- Maintain a consistent narrator. Constantly switching from first person to third person is also very hard to follow.
TIP #3 FIND/CREATE SOMETHING THAT WILL SET YOUR STORY APART.
There are many different ways that a story can be original and just as many ways they can be cliche. The only limit to originality is your imagination. Find something you can change or add that will make your story stick out.
Some ideas include:
- Writing in a previously unused format.
- Adding pictures and/or video to explain part of the Creepypasta.
- Writing a series of linked Creepypastas.
And so on.
Hopefully, by using some of these tips and avoiding some of these mistakes, we can improve the quality of incoming stories, if ever so slightly.
Other Helpful Tips
TIP #1 RECOGNIZE THE READER IS MOST LIKELY NOT IN THE PASTA
Seriously, you need to remember that the media is reading the pasta, not experiencing what the characters are. Although half of the Creepypasta readers out there would probably crap their pants as much as the characters, they are not in the story, so this makes several things ineffective to make your story creepy. Blood is a very good example of this. Unless if it is in good detail (NOT LITERALLY!!!) and used correctly, it's only going to do the opposite. So make sure that your creepypasta is reader-scareable, and not just for those who would be in the pasta.
TIP #2 HAVE A SOLID LINE BETWEEN EXCESSIVE BLOOD, AND NOT EXCESSIVE BLOOD
This is simple logic: If it goes beyond the line, then your pasta is about 10x worse, if not, then chances are you are making a decent pasta. This is my line for an example:
1. If the ratio between the word blood and any other word is 1:25, then it is excessive.
2. If blood is in all caps anywhere, then it is excessive (don't bother doing something like BlOOD or BLOOd, that's just stupid).
3. If the word "realistic" is used in conjunction with blood. (There are exceptions, but they require detailed descriptions. Never use "realistic" as the sole descriptor for anything. ~Kefke)
Just so long as you don't go beyond the line, your pasta is most likely not a trollpasta.
TIP #3 ADD SUSPENSEFUL MOMENTS
People will think your pasta is a lot scarier if you add a couple points where things are just plain awkward and adds to the suspense, because when you are writing a pasta, suspense = dread, and dread = fear. Here is an example between if it is good or bad:
Bad example- "I turned off the freakishly haunted game to hear a creak from my door. I turned to find a half-clothed man covered in BLOOD! He charged at me with his large bloody claws and almost killed me."
That is seriously what a trollpasta is most of the time, simply not scary becuase it builds no dread.
Good example- "I slowly turned off the odd game, that I wished I never retrieved, to hear a groan from my door. I slowly turned to find a man in a hood. He was just staring at me. My heart was pounding. I didn't know how he got there, or his intentions. We stared for what seemed to be an eternity, and then he slowly walked away, leaving behind only his muddy footprints."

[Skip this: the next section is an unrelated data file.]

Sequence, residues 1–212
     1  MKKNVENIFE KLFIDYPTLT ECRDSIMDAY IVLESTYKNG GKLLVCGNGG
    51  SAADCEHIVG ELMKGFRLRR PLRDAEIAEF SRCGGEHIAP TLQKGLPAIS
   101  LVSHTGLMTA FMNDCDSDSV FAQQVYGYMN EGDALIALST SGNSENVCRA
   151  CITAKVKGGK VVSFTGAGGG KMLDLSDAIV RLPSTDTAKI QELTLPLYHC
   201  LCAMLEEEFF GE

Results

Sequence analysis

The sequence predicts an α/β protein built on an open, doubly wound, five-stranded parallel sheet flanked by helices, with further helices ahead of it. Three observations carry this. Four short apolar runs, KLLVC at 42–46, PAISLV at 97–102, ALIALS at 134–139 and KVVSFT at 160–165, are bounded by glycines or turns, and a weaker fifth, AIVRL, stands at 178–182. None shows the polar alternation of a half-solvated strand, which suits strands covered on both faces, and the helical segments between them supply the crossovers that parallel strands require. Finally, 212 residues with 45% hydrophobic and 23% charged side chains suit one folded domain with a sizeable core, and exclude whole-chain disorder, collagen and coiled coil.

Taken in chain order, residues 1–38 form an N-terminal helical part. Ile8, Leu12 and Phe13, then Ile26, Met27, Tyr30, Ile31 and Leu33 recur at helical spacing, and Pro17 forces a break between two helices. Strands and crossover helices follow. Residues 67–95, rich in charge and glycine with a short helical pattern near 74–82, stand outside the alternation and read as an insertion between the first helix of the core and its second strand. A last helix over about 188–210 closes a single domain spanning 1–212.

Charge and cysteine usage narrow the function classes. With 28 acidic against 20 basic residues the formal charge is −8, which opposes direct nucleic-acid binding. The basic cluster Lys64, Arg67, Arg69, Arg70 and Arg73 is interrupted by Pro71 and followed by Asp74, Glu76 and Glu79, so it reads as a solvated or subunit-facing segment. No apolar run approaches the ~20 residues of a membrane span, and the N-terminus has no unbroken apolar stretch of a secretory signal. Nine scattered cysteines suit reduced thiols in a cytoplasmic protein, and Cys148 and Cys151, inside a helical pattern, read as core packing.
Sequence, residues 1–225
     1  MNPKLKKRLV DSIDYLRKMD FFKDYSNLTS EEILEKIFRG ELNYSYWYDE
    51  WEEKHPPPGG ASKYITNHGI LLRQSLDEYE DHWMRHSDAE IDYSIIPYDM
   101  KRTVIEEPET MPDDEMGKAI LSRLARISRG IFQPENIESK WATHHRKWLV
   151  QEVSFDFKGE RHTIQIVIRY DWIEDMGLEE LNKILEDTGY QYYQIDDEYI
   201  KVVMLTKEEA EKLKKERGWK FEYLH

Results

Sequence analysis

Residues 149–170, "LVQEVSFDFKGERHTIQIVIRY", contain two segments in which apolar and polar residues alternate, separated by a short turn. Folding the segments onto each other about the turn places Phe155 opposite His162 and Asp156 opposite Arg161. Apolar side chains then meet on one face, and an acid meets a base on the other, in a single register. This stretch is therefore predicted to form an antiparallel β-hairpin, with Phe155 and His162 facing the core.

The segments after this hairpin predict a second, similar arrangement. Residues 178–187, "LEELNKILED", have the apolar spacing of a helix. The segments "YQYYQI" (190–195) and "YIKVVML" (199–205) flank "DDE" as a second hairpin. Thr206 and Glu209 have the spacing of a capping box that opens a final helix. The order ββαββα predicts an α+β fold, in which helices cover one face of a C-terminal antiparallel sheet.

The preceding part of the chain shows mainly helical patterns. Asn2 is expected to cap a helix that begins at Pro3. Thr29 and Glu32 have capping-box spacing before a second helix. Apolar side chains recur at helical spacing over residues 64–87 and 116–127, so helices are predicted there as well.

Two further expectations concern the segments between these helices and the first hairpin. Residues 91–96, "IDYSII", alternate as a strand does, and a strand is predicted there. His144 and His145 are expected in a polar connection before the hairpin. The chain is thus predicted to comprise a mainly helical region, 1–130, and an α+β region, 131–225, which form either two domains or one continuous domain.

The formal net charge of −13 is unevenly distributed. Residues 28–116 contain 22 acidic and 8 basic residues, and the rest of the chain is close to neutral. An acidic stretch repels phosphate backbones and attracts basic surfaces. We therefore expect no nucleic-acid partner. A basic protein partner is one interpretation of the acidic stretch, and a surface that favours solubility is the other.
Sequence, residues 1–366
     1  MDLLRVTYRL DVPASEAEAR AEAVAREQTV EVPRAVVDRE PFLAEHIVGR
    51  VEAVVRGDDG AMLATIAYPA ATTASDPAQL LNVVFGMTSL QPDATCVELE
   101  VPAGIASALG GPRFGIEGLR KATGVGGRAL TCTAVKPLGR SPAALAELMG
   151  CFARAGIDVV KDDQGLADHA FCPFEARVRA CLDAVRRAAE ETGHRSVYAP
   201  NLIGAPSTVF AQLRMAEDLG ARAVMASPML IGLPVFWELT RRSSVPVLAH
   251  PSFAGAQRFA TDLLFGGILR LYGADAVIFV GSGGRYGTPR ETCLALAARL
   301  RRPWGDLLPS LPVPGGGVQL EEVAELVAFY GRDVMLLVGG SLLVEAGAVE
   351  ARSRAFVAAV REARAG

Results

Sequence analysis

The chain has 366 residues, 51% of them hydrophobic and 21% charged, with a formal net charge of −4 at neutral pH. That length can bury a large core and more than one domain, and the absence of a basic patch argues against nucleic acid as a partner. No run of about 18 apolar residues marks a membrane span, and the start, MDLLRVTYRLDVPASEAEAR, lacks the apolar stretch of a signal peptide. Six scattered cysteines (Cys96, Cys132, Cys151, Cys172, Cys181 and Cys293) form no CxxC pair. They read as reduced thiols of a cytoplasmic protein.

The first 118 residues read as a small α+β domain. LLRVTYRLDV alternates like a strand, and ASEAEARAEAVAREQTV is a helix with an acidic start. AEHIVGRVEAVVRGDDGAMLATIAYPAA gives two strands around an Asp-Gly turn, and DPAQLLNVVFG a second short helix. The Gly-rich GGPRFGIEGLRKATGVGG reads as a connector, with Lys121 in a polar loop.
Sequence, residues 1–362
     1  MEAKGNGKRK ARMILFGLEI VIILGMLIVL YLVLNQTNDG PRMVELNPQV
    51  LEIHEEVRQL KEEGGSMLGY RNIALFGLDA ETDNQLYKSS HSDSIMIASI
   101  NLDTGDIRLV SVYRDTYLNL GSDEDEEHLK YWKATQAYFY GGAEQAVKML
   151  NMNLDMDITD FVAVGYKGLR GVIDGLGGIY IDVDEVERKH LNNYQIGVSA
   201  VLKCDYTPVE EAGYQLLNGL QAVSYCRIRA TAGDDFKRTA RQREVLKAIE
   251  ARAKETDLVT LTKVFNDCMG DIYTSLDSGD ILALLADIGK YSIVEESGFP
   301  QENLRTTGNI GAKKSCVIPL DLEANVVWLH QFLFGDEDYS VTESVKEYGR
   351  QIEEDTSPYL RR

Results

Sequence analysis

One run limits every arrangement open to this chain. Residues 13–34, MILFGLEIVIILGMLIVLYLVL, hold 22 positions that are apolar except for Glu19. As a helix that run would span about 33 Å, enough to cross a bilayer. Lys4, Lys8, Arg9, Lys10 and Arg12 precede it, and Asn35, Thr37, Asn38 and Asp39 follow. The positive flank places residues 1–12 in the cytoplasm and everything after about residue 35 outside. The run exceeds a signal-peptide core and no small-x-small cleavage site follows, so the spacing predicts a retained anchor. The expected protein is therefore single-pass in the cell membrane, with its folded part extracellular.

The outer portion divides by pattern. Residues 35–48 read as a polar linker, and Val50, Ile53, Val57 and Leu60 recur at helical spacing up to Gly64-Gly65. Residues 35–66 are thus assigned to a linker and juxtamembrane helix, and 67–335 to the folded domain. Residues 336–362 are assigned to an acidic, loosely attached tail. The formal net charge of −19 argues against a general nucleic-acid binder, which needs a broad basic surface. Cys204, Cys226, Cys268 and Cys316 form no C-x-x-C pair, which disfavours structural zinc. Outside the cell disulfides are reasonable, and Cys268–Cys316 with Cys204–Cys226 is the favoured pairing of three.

Having something mysterious and suspensful will increase dread, which is something you should aim for in writing a pasta. Comparing the two, it is obvious the second one is much scarier.
For an example of what to avoid adding in a pasta, read this.
TIP #4 "YOUR NEXT" WILL USUSALLY NOT WORK
Anyone catch that, there's an error. First off many, many pastas have an ending where it assumes that the main character is killed and that the reader is next. "Your next" doesn't work becasue "your" is possesive, meaning that the reader would own "next." That's just plain wrong. You're, on the other hand, is correct. It is the contraction for you are, meaning that "you are next." You're next is also a major copout. If you have an ending, either wrap everything up, or make it suspensful. In both cases some room should be left for questioning though. Look at Funnymouth, I could be the next victim, but I have to think it out to assume that I could be the next victim. Imagine if it ended "I looked in the mirror with my funnymouth, say you and said 'You're next' " No, just no. Try to make a new kind of ending, or go for something that could be a pseudo-mindf***.
TIP #5 Be Original
No one likes a Copy Cat. Don't be that guy/girl. If you're going to write a creepypasta, (this also applies for any type of story you write) make sure it's fresh, and you came up with it. If you want to make the next "big creepypasta", I suggest making sure that YOU wrote it.
TIP #6 PLEASE USE A COLOR PALETTE
What I mean by these, is that there are more colors than just red and black. Colors can be used to create certaing feelings, or even used for symbolism. For example:
Yellow/Green can be used either to convey happiness or sickness.
Blue is normally a depressed, cold color.
Of course, you can use red and black, but like blood or hyperrealism, use them moderatedly
TIP #7 MATURE LANGUAGE
When writing mature stories such as horror it is important to consider the use of mature language or 'swearing' or 'cussing'. It's generally good to add more cussing into mature stories as it helps set a dark, adult tone and reminds the reader that the characters are adults. It will also make what the characters are saying seem more powerful and shocking if they swear while saying it. Add as much cussing as possible to dialogue.
Tips for Pokémon Creepypasta
For Auron's list of tips and tricks to making a writhing pasta probably made with Ditto goo, Refer to this page.
For Fatty7's tips on writing creepypasta in general, refer to this page.